Online Shopping to the Rescue
The good news is that you can get all of the items on this list of first year teacher classroom essentials online through vendors such as Amazon. Over the years, I have purchased and used each of the items on this list of school supplies for teachers and can attest to the fact that they will definitely be used by you and your students. Each item is well worth the money, as most of them are not consumable (which means you can use them year after year).
As a brand new teacher, you will most likely be spending more money on classroom supplies this year. The good news is, you will typically only need to buy the consumable items in future years. I recently read online that “Teacher Showers” are now a thing. Friends and family members help out by purchasing classroom supplies for new teachers. This is a fabulous idea!
I also saw one enterprising teacher created an Amazon wish list of school supplies. She then created a QR code that linked to this list. She displayed the QR code in her car window with a request to help a teacher out. Her entire list was taken care of by the kindness of strangers!
[My blog posts contain affiliate links. These don’t cost you anything, but they allow me to continue running this site and providing free content for my readers. Full disclosure here.]
Tried & True List of School Supplies for Teachers
- Throughout the school year, you will be making many anchor charts, so you will need wide markers. I always buy a new set of Mr. Sketch Scented Water Color Markers each year, as they are a favorite amongst my students as well. You can sometimes find a sale on these in stores like Target in the weeks before school starts.
- However, not every child (or adult) likes scented markers, so I also have a set of the Sharpie Flip Chart Markers.
- Flair pens seem to be the overall favorite of teachers. They write smoothly and come in variety packs to suit all your needs. We use these when the students make birthday posters, as they like to write messages to each other. The thicker chisel markers end up taking up too much space on the chart paper if two dozen children all want to write lengthy messages. (Pro Tip: Write your initial on the cap of each Flair pen. That way, if a student “borrows” your pen, you will know it is yours.)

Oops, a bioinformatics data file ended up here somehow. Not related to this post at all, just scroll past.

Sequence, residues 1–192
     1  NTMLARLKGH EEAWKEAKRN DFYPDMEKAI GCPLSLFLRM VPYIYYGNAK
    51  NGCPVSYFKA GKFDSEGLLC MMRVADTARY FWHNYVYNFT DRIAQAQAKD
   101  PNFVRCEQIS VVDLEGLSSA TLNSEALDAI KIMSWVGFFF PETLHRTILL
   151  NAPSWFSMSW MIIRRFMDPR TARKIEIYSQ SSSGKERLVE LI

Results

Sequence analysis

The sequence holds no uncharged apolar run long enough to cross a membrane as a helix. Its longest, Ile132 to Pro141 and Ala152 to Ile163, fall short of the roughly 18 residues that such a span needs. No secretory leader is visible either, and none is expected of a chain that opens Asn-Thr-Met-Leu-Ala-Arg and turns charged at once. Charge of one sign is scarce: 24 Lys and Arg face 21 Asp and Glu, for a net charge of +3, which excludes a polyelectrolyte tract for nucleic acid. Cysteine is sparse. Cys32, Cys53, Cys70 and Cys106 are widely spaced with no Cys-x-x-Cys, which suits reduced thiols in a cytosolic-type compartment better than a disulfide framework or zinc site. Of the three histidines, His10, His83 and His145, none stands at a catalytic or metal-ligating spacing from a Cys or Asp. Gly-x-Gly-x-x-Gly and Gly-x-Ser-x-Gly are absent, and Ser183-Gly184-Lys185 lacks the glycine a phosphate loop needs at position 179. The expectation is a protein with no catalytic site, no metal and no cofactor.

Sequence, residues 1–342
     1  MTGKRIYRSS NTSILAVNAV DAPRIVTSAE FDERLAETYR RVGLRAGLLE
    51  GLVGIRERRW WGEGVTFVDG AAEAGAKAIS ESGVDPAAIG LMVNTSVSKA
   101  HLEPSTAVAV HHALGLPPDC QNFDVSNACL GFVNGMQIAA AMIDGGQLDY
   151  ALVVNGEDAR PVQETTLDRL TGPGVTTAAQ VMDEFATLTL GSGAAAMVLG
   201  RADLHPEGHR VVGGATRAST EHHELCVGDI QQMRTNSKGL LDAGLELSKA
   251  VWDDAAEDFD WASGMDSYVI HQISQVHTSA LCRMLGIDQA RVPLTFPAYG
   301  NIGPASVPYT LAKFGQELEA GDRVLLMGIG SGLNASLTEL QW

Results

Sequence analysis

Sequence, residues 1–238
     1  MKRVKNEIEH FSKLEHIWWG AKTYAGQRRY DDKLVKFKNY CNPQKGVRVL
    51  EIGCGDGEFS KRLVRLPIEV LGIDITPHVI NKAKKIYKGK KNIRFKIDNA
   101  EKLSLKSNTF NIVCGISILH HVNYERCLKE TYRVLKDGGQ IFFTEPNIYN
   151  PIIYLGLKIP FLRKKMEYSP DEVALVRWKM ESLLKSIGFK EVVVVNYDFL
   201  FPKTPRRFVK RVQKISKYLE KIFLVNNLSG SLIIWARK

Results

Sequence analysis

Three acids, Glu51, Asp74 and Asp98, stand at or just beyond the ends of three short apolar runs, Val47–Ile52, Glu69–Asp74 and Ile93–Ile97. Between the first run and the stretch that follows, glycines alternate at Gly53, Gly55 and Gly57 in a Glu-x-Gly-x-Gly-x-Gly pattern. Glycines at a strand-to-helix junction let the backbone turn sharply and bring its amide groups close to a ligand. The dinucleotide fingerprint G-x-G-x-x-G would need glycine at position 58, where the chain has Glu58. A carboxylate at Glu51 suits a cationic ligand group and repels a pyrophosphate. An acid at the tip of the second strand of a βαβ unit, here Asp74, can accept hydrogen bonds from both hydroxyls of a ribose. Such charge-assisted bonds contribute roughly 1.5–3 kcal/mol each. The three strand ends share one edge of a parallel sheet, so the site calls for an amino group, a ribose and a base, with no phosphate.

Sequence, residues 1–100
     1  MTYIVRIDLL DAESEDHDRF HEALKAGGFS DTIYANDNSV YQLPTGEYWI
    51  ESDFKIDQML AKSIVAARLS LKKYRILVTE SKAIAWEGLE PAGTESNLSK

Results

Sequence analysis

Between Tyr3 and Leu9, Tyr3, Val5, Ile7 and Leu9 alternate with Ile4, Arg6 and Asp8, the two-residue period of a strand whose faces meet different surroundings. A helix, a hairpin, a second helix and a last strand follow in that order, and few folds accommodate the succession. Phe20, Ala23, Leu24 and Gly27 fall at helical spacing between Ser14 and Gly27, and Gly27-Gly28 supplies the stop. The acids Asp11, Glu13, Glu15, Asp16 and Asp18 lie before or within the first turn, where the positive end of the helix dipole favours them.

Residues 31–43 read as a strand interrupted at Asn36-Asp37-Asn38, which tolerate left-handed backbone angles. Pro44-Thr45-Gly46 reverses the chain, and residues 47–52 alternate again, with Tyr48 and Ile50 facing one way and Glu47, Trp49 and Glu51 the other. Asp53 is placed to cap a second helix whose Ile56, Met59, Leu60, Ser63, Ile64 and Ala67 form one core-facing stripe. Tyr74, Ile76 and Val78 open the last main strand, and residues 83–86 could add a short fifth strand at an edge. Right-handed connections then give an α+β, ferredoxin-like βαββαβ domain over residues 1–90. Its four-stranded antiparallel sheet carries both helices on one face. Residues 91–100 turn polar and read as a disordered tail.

Supplies for Students
- If only one student sits at a desk all day, it is a good idea to have some type of nameplate on it. I like these Student Nameplates With Cursive Alphabet, Ruler, Fraction Chart, and Multiplication Table for my 5th graders. I often refer to it during math lessons, as it has a place value chart too. When the students take tests, they cover up their nameplates by laying a folder on top of it. To make these more durable, laminate them after you write the student’s name on them.
- To attach the nameplates to the desk, I use heavy-duty packing tape. I used to tape them down on all four sides. However, Ifound that the students would pick at the edges of the tape and slowly peel the lamination off day by day. About half of them would be destroyed by mid-year. Now, I only put tape on the two short sides. The kids have found that they can slide papers under the name tag to keep them from blowing away. I thought that was pretty ingenious of them! Best of all, I typically only have one or two ruined nametags by the end of the year, since there is less tape for the students to pick at. Win-win!
- To celebrate students’ birthdays, I give them a birthday pencil and sticker badge. My school does not allow students from other classrooms to roam the halls giving out treats to other teachers on their birthdays, so I only need one class set of these per year. But if your school allows the children to visit other teachers, you might want to stock up on more of these.
Bulletin Board Essentials